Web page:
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G r a n i t e

Granite is an igneous rock of visible crystalline formation and texture. It is composed of feldspar (usually potash feldspar and oligoclase) and quartz, with a small amount of mica (biotite or Muscovite) and minor accessory minerals, such as zircon,  apatite,  magnetite,  limenite,  and sthene.

Granite is usually whitish or grey with a speckled appearance caused by the darker crystals. However potash feldspar imparts a red or flesh colour to the rock. In more recent years, more colourful and vivid varieties of granite have been discovered which have increased the choices available to architects. Granite crystallizes from magma that cools slowly, deep below the Earth's surface. Exceptionally slow rates of cooling give rise to a very coarse-grained variety called pegmatite. Granite, along with other crystalline rocks, constitutes the foundation of the continental masses, and it is the most common intrusive rock exposed at the Earth's surface.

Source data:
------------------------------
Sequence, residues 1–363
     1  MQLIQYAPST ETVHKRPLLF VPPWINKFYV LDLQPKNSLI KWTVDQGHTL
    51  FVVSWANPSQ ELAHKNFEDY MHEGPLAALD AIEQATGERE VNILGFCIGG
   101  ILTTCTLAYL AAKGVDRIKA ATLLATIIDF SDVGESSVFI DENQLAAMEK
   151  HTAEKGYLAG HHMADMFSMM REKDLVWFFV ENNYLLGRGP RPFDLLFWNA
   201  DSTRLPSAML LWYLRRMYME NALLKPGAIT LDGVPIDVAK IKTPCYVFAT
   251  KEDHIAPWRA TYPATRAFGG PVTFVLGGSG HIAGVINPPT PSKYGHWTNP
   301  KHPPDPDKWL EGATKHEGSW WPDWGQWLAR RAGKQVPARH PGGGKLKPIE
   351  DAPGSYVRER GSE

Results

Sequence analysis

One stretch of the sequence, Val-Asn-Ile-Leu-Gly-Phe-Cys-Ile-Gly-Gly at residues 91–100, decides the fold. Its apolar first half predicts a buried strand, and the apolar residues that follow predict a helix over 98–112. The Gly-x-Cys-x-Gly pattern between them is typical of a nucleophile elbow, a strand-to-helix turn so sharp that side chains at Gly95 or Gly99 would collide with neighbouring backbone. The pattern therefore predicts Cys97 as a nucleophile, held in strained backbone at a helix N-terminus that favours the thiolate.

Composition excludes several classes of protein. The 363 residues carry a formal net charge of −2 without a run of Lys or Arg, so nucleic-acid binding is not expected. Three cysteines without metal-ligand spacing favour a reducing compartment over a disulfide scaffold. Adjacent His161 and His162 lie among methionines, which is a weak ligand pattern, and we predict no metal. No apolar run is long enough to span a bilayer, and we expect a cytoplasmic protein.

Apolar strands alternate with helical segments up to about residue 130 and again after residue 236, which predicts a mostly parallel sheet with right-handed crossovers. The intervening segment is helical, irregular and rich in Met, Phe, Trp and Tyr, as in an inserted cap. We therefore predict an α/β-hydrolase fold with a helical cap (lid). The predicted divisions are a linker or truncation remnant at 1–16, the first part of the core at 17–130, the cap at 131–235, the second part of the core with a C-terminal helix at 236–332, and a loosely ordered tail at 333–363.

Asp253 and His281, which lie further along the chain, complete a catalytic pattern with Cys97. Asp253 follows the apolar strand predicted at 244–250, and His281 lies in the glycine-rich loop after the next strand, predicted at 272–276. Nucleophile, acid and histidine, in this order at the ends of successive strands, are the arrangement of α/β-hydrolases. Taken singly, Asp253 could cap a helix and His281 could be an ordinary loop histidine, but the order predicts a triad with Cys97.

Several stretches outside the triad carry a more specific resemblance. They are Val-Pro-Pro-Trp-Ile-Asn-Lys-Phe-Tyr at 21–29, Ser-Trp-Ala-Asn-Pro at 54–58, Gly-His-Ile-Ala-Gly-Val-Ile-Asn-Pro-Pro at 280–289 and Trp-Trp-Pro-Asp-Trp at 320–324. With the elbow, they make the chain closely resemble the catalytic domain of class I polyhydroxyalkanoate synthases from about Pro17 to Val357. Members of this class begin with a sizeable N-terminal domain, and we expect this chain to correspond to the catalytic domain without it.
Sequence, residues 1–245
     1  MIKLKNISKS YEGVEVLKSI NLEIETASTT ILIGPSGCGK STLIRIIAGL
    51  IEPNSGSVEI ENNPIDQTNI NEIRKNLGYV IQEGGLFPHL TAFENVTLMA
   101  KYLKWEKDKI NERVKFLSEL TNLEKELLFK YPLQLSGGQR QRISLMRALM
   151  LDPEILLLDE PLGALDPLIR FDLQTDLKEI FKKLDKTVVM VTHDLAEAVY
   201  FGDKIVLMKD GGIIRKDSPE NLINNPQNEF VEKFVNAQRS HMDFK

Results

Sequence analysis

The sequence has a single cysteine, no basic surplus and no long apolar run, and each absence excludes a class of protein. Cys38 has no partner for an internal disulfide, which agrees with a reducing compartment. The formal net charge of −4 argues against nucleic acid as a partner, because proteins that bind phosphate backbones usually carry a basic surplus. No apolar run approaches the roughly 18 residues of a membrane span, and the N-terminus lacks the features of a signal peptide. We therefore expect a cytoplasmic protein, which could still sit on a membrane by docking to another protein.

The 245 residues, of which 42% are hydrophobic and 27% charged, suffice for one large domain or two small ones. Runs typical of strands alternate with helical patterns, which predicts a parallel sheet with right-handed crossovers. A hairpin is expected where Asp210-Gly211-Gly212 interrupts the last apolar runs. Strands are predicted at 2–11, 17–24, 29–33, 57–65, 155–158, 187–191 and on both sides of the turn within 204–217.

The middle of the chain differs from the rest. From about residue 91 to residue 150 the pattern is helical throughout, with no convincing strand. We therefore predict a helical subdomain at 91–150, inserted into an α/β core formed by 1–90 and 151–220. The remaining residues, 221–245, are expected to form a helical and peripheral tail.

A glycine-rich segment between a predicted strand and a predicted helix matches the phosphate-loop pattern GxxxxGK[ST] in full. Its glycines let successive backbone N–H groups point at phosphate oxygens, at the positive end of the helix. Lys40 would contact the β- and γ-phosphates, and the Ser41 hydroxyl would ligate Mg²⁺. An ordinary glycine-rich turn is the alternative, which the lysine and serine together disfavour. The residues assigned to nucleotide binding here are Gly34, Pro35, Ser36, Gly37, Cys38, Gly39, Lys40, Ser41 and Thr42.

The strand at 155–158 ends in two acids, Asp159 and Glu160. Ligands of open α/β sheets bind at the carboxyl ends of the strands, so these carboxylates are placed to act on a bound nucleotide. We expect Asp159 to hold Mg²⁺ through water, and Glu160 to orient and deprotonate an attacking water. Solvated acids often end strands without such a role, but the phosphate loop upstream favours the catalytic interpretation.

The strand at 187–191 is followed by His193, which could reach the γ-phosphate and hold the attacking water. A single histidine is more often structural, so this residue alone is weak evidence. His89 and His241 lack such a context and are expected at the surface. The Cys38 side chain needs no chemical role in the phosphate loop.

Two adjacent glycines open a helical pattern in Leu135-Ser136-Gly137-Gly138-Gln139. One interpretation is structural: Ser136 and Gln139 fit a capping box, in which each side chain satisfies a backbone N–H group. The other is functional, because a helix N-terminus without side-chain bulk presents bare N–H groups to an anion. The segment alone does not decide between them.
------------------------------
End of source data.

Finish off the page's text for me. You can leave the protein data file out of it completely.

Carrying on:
The relative density of granite ranges from 2.63 to 2.75. Its crushing strength is from 1,050 to 14,000 kg per sq cm (15,000 to 20,000 lb per sq in). Granite has greater strength than sandstone, limestone, and marble and is correspondingly more difficult to quarry. It is an important building stone, the best grades being extremely resistant to weathering.


L i m e s t o n e